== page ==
Ergonomics is probably the first thing anyone who is switching from a DSLR to a DSLM should notice. The manufacturers try to make this as similar as possible, but it is simply a different feeling that can seem strange, especially with long-term DSLR users. In direct comparison to an SLR camera, I find the DSLMs to get used to at first. They are just small and lie better in the hand of one than the other. In my opinion, many manufacturers simply have too many buttons on the small housing, which makes operation a challenge.

There is only one option here: try it out. I recommend that anyway before you buy a new camera. DSLM cameras come in different forms. Very large, such as the Sony A3 or Canon EOS R, but also very small such as the Sony A6000 or Canon EOS M50. Depending on the model, you have an electronic viewfinder or just the display to look at your pictures. In any case, try out what suits you and what suits your type of photography.

Electronic viewfinder

A DSLM or system camera takes photos with an electronic viewfinder or the display. This means that the viewfinder does not have a direct optical connection to the subject like the DSLR, but a display. It is like looking at the finished image through the viewfinder.

The electronic viewfinder offers several advantages:

  • Image preview: You get a direct idea of ​​your photo and actually see the finished image before you press the shutter release. If you now change the settings on your camera: for example , closing the aperture or increasing the ISO value , the image changes immediately and you can judge whether you like the photo or not. You can also see the picture in the viewfinder after you’ve taken it. So it’s a second display that works just like your large camera display. The advantage, however, is that you can use it without being distracted by the sun.
  • Exposure aids: Because our EVF is a display, we can use many aids that the optical viewfinder cannot offer us. We can show a histogram , use an overexposure warning and much more … You can see immediately if your camera is not doing something the way you want.
  • Manual focus: With manual focus, we can use the focus peaking to see where our focus is and even zoom into the image. A real help for manual focusing.
  • Much more: Since you can show almost everything in the displays, there are no limits to the manufacturers. Water cars, grids for image creation, image styles and much more is possible.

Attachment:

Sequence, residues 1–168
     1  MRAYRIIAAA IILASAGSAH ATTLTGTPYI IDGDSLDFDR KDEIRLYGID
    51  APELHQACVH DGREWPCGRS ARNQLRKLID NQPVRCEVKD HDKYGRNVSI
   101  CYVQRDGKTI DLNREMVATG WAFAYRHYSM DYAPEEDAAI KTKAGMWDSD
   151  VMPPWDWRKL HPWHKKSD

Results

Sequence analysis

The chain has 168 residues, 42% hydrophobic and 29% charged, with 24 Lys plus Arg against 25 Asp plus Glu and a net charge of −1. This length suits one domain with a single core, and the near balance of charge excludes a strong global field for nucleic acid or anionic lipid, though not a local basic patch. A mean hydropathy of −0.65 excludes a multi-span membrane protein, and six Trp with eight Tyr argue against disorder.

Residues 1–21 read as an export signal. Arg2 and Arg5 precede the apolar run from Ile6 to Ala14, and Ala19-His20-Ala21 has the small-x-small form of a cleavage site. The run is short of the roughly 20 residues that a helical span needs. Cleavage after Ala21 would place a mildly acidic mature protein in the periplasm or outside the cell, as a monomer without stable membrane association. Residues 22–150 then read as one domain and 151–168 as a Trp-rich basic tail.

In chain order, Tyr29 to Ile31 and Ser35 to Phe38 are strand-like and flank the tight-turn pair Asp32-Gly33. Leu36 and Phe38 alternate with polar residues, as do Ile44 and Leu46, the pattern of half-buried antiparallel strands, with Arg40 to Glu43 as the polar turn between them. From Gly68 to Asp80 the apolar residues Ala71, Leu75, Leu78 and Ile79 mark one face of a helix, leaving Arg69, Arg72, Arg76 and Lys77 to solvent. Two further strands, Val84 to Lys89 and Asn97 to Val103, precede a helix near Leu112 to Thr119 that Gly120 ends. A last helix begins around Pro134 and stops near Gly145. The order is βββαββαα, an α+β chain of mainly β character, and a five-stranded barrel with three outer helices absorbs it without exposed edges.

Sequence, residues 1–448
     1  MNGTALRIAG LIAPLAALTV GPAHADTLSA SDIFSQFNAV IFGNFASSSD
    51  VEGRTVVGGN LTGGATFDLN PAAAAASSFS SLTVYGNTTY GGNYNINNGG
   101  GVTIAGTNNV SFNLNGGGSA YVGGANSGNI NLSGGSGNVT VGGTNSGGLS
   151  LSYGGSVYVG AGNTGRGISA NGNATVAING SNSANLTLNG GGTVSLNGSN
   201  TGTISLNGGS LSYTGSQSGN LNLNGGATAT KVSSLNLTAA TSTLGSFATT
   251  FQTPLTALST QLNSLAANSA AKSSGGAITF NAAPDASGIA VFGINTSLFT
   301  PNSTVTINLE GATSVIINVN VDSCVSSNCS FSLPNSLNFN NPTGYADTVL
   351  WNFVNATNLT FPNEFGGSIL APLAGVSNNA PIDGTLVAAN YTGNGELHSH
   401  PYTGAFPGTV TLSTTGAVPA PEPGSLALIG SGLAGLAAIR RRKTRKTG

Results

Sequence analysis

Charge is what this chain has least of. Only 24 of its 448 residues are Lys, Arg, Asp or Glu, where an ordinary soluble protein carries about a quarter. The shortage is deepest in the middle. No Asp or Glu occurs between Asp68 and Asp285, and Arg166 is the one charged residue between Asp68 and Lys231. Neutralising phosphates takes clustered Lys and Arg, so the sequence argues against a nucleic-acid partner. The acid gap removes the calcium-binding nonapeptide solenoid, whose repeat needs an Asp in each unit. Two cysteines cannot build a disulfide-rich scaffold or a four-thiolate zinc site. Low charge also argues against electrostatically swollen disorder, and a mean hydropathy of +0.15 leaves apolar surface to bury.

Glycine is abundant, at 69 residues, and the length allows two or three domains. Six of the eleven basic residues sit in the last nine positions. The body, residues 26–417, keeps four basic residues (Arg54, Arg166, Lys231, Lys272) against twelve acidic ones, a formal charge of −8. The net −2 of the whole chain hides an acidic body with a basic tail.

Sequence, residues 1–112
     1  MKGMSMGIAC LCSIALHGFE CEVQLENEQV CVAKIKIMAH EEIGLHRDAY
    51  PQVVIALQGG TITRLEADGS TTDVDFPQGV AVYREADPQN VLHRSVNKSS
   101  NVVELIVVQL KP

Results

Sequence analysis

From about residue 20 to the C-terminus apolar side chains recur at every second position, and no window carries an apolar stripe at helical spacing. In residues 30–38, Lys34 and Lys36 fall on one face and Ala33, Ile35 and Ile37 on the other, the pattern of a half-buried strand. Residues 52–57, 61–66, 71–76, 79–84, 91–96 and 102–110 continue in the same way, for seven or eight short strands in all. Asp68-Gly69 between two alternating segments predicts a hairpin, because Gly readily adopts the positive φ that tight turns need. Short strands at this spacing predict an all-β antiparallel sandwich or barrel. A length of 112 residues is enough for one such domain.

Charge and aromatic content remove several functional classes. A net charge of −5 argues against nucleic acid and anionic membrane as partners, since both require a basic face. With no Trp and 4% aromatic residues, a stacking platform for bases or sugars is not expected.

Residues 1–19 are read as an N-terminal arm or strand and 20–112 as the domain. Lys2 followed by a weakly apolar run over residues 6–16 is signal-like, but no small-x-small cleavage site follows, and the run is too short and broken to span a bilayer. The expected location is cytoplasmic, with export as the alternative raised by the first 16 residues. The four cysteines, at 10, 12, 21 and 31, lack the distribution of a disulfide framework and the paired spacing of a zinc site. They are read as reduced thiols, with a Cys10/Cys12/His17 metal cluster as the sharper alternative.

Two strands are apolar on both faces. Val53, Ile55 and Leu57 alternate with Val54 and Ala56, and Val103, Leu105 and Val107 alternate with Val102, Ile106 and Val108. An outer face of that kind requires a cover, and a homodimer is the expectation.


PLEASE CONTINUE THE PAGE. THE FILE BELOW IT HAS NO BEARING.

Now I’ve written so many great things about the electronic viewfinder that I would of course like to point out a few negative points. Because the electronic viewfinder naturally always has to be supplied with power. This should not be ignored with some models and some cameras have extreme problems with high power consumption and thus a short battery life. Also, for many photographers it is not pleasant to constantly look at a display (myself included). It’s a completely different feeling to actually see the subject instead of just being shown it. The cameras are getting better and better here, but sometimes they are lagging behind due to delayed display (the display is delayed compared to reality).

I would like to add one point for those who like to take photos at night (long exposure ). If you take a picture with the DSLR, you have the light intensity of your own eye available. With the DSLM, the display in the viewfinder depends on the power of the camera. That may not sound too bad, but there are a few moments when I would have wished for my DSLR…

If you are not sure which viewfinder is right for you, I recommend that you test both of them once and take a closer look. I find the DSLR to be much more pleasant, especially in series pictures and when photographing fast subjects, but something different suits everyone.


There are several options when focusing with a mirrorless camera (DSLM). You may be familiar with the first option from the DSLR. If you switch to live view here (i.e. using the display), the autofocus becomes significantly slower. This is because the camera is using the contrast AF. This simply shifts the focus until the image has the highest possible contrast has. This is very precise, but unfortunately a lot of time is lost in trying out and “pumping” the focus. That’s why there is still phase autofocus, which was reserved for DSLRs for a long time. Here, two sensors compare the light (phase) falling into the lens from different angles and thus know from the first measurement what needs to be changed on the lens to focus. Cool right?

Most modern DSLM cameras use a combination of these two methods in order to be able to focus both quickly and precisely. If you use a modern DSLM camera, you should make sure that it supports phase or hybrid autofocus.

Picture quality

We come to the last point, and in my opinion the most important point. The image quality. In terms of image quality, the system camera is in no way inferior to the SLR. Of course, not all cameras are the same here, but in most cases you don’t have to worry that you have something worse just because you are using a different system. Most cameras even have the same image sensors installed (Sony makes sensors for some Nikon cameras and Canon has installed the same sensor in the 5D4 & R and the 6D2 & Rp). There is only one real way you can be sure that the quality will meet your expectations. Test the camera 🙂

Choice of lenses

From my point of view, this is a major negative point. It is not the case with all manufacturers that the newer the manufacturer is in the DSLM market, the more likely it is that the choice of lenses is limited. For decades it took a long time to develop a wide variety of lenses for DSLR cameras. This has only just begun with DSLMs and although lenses are already on the market, one only starts with the most important ones at the beginning. One or the other special lens may not be found here yet. Of course there are adapters that allow the use of DSLR lenses, but I have made the experience that it often leads to problems (slow autofocus etc.).